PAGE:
If a person buys a boat with the intention to rent it, only using it personally for fewer than 15 days per calendar year, then the boat will simply be considered a rental property. As this is not likely to be the case, and since it’s better from a tax perspective to use it more than 14 days and fall under the vacation rental scenario, this article will not go into depth with respect to a pure rental property. However, under the passive income rules for real estate investors, the taxpayer may be able to use up to $25,000 of annual losses to off-set other income. While boats are generally considered tangible personal property, the IRS has previously determined that boat slips constitute real estate assets that generate rents from real property, so rental income or losses attributable to the boat slips may be deductible under the passive income rules. Again, the specific facts and circumstances of each case will be important in making any determination as to whether the rental income generated can be apportioned to the boat slip.
Trade or business
Generally, if a person buys a boat with the intention of using it in an existing, or to establish their own, boat charter business, they are entitled to the same types of tax benefits associated with traditional trade or businesses. The types of tax rules that apply to a trade or business also depend on how the boat and business are setup. For example, if the business is a C Corporation that owns the boat, then any net loss from the business simply carries forward to future tax years of the corporation. If the business is setup such that the boat is owned by the taxpayer directly, or through some form of pass-through entity (S Corporation, Partnership, LLC, Trust, etc.), then it may be possible for the net loss from the business to flow directly through to the taxpayer and off-set other types of income on the taxpayer’s personal return. It is this scenario that entices many would-be charter boat owners, though it is complex (largely turning on the specific facts and circumstances for each taxpayer) and not without peril.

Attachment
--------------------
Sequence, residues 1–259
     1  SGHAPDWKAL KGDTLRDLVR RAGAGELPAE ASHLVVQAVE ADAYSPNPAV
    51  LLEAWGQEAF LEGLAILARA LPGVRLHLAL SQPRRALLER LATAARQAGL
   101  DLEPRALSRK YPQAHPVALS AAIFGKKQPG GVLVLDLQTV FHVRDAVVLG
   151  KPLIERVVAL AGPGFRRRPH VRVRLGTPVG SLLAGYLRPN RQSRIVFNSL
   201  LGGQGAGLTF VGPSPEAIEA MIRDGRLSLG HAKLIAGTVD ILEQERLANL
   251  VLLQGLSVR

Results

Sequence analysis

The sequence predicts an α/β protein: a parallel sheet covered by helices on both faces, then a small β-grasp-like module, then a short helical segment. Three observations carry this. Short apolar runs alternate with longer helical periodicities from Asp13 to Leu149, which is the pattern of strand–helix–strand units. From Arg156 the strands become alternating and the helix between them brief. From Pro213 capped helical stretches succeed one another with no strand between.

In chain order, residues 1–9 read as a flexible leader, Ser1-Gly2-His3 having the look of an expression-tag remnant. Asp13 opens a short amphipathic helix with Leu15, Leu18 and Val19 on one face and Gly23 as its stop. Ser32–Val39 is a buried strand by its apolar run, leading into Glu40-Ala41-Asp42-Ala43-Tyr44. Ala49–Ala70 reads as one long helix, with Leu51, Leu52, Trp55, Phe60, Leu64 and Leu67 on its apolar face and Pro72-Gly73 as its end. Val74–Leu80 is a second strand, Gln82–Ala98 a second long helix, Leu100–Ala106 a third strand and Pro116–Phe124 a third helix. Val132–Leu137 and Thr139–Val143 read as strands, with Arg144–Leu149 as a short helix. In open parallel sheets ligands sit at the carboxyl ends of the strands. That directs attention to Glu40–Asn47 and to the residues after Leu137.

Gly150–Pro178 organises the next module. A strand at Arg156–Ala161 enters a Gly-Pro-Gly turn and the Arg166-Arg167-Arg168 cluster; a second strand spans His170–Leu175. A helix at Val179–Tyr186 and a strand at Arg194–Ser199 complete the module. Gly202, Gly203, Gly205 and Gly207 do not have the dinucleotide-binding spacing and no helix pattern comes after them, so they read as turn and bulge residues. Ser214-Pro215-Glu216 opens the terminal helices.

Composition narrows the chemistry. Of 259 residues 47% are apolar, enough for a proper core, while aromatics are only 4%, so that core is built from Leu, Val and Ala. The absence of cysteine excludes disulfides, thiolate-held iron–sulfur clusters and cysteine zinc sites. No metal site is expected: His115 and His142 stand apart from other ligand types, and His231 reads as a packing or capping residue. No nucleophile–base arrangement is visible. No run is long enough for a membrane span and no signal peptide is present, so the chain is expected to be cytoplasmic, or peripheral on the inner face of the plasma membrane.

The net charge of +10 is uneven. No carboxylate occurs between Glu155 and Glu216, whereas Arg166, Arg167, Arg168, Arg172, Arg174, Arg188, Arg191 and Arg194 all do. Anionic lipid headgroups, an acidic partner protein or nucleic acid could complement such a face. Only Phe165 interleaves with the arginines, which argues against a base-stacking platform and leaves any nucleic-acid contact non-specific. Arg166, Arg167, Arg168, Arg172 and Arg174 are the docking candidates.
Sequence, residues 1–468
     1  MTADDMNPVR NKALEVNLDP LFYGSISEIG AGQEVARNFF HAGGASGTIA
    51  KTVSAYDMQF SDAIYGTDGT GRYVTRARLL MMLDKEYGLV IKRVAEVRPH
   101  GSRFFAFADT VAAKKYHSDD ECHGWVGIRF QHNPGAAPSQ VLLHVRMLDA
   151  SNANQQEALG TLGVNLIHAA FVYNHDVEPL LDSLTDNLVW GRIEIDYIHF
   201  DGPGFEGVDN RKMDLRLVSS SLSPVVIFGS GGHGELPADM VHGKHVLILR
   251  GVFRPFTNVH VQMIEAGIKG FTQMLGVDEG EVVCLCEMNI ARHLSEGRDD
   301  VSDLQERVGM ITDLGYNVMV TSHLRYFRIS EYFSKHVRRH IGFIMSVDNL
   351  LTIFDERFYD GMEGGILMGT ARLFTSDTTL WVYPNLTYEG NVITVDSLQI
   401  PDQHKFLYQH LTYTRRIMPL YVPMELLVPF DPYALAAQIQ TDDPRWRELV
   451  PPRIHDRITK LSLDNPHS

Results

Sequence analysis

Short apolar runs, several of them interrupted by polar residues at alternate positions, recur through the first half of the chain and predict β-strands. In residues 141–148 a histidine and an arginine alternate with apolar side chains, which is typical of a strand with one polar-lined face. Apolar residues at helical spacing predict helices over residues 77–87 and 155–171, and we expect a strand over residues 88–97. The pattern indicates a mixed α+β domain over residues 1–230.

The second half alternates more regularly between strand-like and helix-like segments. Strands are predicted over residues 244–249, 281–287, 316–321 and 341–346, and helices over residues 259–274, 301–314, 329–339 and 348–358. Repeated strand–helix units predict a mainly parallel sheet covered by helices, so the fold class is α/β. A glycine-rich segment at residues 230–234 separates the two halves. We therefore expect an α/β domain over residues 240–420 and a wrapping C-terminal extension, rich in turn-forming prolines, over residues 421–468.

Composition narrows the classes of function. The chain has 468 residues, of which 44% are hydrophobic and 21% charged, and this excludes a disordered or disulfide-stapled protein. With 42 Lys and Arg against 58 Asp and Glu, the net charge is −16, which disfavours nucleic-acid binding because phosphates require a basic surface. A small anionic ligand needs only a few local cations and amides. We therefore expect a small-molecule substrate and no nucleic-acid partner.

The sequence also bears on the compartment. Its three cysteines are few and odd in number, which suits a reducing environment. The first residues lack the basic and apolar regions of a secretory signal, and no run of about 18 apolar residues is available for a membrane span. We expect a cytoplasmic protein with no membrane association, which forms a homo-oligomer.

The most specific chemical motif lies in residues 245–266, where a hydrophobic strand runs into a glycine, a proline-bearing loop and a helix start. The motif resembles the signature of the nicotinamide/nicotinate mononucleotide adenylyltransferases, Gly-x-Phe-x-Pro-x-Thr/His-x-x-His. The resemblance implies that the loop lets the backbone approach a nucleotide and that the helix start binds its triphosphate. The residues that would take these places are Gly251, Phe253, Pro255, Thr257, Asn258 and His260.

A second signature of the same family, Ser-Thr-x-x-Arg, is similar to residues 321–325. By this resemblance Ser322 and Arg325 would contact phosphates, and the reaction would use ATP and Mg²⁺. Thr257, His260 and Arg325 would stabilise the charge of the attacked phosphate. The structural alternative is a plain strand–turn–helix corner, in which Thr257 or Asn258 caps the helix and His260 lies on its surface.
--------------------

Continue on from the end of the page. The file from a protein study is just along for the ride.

What most taxpayers don’t realize is that there are complex rules that must be satisfied if they are to fully benefit from this scenario (a fact that many fractional ownership and fractional membership companies may not adequately address). Generally, these complex rules require the taxpayer to demonstrate that the taxpayer is (1) engaged in a trade or business and (2) actively involved in that business. Failure to satisfy the former could trigger the hobby loss rules and result in either not being able to deduct expenses or not being able to off-set other types of income with the losses from the charter business. Failure to satisfy the latter could classify any losses as ‘passive’ in nature, thereby limiting their off-setting potential to only other forms of passive income which would reduce or eliminate much of the tax benefit originally sought by the taxpayer (and potentially subjecting them to penalties and interest for tax amounts which would have been payable but for the treatment as a trade or business).
Engaged in a trade or business